I saw a case of a severely malnourished patient whose feet had been gnawed by rats during the night, leaving only the bare tendons on the surface of her feet—and still she did not react. After her wounds were dressed she lived for another two days. Mitchell and Black have also observed sensory disorders; Lewis and Musselmann observed that changes in the central nervous system receded after nicotinic acid was administered, while changes in the peripheral nerves receded after the administration of thiamine. There were changes affecting the auditory nerves too, and this is why patients’ hearing was muffled; they complained of persistent humming or ringing in their ears.

One could also enumerate many other symptoms in the multifaceted hunger disease complex, and try to explain their pathogenesis. This cannot be done in a short overview, and it was not my aim. My intention was to recall the horrific experiment of hunger disease artificially evoked in Auschwitz prisoners.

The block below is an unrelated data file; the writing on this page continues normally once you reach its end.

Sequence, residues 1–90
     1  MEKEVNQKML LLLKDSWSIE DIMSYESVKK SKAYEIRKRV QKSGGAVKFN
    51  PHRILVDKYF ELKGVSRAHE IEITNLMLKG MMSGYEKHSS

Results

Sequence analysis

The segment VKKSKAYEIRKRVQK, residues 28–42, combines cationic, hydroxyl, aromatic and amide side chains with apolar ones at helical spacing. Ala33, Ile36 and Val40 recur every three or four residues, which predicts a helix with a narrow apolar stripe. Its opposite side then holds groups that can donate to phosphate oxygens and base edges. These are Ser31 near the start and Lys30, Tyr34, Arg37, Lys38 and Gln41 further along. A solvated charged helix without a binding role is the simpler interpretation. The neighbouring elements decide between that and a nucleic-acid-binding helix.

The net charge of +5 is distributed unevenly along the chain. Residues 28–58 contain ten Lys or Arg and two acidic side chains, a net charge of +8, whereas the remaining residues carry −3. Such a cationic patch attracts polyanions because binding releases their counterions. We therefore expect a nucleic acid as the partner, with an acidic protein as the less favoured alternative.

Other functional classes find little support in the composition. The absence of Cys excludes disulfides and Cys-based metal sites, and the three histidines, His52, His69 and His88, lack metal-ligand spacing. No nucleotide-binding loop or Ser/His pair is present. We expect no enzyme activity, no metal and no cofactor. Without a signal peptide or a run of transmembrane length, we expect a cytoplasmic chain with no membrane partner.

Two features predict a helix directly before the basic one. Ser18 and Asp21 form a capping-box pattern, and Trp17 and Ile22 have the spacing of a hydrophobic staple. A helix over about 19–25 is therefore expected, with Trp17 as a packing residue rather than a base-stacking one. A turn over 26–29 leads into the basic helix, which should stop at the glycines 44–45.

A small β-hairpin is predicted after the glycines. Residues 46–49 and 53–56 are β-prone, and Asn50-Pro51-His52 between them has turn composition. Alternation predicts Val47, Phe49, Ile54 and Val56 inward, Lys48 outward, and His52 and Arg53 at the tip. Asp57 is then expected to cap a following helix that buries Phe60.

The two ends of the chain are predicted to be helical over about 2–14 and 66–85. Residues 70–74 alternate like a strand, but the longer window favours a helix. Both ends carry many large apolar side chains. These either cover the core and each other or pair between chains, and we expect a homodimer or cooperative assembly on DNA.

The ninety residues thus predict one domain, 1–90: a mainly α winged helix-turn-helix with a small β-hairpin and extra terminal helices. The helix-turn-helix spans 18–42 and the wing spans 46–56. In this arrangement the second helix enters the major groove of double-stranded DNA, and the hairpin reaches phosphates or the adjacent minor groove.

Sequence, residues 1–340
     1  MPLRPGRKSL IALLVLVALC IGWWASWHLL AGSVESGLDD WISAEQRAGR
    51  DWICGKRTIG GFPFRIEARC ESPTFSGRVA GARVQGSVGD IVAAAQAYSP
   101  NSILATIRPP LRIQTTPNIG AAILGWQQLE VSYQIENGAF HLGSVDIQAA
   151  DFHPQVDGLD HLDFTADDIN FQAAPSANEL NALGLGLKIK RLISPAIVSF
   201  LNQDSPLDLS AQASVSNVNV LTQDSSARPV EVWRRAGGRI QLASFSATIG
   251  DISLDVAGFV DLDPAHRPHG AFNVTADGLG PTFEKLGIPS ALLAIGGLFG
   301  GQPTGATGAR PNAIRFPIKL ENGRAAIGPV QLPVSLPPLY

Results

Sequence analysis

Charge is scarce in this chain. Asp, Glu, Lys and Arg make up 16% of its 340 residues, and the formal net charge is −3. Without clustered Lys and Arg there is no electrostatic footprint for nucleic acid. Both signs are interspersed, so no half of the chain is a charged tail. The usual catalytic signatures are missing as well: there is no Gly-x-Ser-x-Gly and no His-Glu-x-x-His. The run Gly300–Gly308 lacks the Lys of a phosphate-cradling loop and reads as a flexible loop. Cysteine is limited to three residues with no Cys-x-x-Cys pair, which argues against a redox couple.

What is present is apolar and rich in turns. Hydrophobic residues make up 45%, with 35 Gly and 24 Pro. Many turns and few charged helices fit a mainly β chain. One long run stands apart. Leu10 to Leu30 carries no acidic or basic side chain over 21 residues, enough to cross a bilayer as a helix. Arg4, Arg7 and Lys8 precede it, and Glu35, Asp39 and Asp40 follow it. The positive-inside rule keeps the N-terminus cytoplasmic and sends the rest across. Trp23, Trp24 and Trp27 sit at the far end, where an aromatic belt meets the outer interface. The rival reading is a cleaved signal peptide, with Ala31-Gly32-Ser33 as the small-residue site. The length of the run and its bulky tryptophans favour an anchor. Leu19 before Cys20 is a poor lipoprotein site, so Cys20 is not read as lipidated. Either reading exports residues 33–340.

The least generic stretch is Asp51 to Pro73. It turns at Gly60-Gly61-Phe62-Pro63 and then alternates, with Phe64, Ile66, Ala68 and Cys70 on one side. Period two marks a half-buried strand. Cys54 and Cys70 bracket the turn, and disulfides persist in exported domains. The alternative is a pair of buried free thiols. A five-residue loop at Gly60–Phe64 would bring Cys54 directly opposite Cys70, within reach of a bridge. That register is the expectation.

Translated from original article: Kowalczykowa, J., “Choroba głodowa w obozie koncentracyjnym w Oświęcimiu.” Przegląd Lekarski – Oświęcim, 1961


  1. An extract made of weeds or fishmeal.
  2. Główna Komisja Badania Zbrodni Niemieckich w Polsce, the central Polish authority for the investigation of German war crimes, set up in 1945.
  3. I.e. beriberi.


1. Lewis, C. F., and Musselmann, ?. ?. Observations on pellagra in American prisoners of war in the Philippines. The Journal of Nutrition. 1946; 32(5): 549–558.
2. Leyton, ?. G. Effects of slow starvation. The Lancet. 1946; 2(6412): 73–79.
3. Mitchell J. B., and Black J. A. Malnutrition in released prisoners of war and internees at Singapore. The Lancet. 1946; 2(6433): 855–862.
4. Nicholls, Lucius. Grey hair in ill-nourished children. The Lancet. 1946; 2(6415): 201.
5. Page, J. A. Painful-feet syndrome among prisoners-of-war in the Far East. British Medical Journal. 1946; 2: 260–262.